Since it prevents you from getting enough sleep, chronic sleep deprivation affects your memory functions drastically. In such a situation, both your sleep quality and duration become poor. As a result, you will not be able to experience the full sleep cycle, which will consequently disrupt the key processes involved with memory formation.
A lack of adequate sleep impacts the neural signaling processes in the hippocampus, which is a key component for memory processing and consolidation. That, in turn, lowers the ability of your brain to remember information.
Besides, not getting sufficient rest tends to overwork the nervous system, which affects your concentration and awareness. That makes it difficult to collect and organize information, which further disrupts the memory formation process. It impacts mood and judgment as well, which is why sleep-deprived people often become cranky or tend to make poor decisions.
Sleep deprivation is undoubtedly a major problem experienced by people today, but it is not the only one. Chronic sleep deprivation is often caused due to problematic lifestyle choices, while the problems we have discussed below are more clinical in nature. And needless to say, all of them have adverse impacts on memory.
Obstructive sleep apnea is a condition where the airway becomes obstructed while sleeping. As such, the breathing pauses for a moment, which leads to several sleep interruptions throughout the night.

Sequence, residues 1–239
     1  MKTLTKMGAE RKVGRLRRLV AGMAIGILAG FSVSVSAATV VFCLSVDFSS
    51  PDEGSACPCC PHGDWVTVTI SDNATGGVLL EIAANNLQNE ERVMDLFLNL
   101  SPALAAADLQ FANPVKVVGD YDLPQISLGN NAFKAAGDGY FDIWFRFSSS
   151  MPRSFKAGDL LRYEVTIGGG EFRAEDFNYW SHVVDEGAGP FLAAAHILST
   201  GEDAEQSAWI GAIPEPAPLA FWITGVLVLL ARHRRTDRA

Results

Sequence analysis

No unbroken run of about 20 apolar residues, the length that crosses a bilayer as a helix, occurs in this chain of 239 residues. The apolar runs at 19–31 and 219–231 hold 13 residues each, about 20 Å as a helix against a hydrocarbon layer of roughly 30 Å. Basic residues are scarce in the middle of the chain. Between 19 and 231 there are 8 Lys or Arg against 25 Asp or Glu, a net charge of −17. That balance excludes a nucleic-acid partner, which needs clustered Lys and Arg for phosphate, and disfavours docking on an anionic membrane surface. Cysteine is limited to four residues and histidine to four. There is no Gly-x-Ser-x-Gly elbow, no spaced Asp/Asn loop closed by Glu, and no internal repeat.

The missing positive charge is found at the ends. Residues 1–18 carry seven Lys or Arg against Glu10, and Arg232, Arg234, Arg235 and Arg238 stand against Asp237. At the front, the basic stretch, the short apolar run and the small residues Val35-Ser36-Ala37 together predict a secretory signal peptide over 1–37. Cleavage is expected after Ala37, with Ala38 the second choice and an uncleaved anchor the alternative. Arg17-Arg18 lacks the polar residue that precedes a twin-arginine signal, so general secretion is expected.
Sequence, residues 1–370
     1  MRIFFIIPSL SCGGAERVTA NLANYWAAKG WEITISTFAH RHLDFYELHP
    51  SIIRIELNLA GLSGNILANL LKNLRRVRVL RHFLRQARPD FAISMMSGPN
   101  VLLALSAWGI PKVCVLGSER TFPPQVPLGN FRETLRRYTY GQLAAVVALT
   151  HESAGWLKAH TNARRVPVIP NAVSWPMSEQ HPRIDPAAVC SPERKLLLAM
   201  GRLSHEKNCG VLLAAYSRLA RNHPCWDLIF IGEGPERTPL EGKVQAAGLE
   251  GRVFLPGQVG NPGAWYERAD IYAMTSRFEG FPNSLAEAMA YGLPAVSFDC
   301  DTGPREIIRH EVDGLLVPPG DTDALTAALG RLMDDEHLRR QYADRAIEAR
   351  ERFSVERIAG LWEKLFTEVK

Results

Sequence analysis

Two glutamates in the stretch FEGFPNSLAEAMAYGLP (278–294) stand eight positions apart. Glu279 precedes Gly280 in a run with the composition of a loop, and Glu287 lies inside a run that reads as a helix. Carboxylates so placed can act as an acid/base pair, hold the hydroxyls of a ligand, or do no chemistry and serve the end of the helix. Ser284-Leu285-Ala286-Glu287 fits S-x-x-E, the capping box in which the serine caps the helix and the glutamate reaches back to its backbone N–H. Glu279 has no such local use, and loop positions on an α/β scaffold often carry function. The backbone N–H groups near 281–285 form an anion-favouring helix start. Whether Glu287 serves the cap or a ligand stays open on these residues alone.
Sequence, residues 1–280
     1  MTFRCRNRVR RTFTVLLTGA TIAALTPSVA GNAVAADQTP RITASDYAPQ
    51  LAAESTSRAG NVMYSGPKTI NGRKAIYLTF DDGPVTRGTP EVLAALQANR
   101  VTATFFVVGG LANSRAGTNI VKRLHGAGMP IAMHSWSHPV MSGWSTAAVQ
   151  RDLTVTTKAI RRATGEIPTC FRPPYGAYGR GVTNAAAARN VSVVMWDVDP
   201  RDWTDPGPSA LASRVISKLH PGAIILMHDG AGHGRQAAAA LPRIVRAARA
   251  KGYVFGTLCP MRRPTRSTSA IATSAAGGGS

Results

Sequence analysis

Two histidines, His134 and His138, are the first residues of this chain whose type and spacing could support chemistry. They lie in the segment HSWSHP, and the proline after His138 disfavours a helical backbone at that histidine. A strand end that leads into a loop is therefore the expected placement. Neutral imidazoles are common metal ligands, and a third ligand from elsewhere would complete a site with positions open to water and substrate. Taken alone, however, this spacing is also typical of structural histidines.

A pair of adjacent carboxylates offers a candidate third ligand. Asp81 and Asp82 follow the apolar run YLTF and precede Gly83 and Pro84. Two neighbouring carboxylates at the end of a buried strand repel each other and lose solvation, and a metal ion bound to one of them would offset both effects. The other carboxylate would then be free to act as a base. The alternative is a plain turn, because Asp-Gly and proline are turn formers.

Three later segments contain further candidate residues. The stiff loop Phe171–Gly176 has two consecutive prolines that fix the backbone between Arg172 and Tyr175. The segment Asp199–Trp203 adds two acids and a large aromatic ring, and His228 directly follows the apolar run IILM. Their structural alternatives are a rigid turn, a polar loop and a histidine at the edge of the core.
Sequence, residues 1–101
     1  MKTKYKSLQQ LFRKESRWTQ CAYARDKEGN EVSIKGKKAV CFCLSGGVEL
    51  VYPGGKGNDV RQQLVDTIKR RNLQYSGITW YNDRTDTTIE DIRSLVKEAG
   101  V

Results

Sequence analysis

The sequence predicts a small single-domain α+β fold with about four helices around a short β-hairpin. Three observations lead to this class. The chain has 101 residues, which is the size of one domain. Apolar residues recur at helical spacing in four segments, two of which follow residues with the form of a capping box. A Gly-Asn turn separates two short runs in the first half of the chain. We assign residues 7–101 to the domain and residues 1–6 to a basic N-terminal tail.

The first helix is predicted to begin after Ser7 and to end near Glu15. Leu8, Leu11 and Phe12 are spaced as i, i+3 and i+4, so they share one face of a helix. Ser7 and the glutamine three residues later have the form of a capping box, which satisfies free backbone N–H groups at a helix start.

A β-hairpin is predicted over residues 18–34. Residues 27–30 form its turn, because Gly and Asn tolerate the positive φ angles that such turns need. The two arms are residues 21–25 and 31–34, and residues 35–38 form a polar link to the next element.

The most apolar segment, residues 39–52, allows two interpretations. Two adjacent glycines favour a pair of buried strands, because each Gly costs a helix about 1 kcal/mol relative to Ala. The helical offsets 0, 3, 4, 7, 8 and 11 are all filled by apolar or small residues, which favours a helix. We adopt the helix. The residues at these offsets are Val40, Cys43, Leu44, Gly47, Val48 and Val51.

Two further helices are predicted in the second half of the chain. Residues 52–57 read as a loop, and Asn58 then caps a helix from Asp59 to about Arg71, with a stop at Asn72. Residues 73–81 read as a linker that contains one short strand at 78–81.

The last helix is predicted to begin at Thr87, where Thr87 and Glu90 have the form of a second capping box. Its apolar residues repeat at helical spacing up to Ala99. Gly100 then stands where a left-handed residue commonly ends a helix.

Because of this reason, the people suffering from this problem do not get enough restorative sleep, which causes problems in memory consolidation. Besides, it leads to excessive daytime sleepiness, which ultimately affects memory acquisition and reduces overall productivity. On top of that, current research suggests that it can cause depression too.
Narcolepsy is a neurological condition that impairs the brain’s ability to control the sleep-wake cycle effectively. A person suffering from narcolepsy will feel excessively drowsy during the daytime, even if they wake up feeling well-rested in the morning. Because of that, they will have trouble concentrating on tasks, which will affect the memory acquisition process.
Conversely, their sleep may become disrupted multiple times during the night, which will affect the process of memory consolidation. Thus, they will not be able to retain information in their long-term memory.